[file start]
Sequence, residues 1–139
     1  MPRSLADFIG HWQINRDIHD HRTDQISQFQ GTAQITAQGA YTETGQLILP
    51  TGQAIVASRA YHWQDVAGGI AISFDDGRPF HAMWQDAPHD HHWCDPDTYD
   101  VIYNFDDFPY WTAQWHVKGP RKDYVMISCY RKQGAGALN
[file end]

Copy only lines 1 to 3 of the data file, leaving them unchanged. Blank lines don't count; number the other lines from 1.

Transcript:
Sequence, residues 1–139
     1  MPRSLADFIG HWQINRDIHD HRTDQISQFQ GTAQITAQGA YTETGQLILP
    51  TGQAIVASRA YHWQDVAGGI AISFDDGRPF HAMWQDAPHD HHWCDPDTYD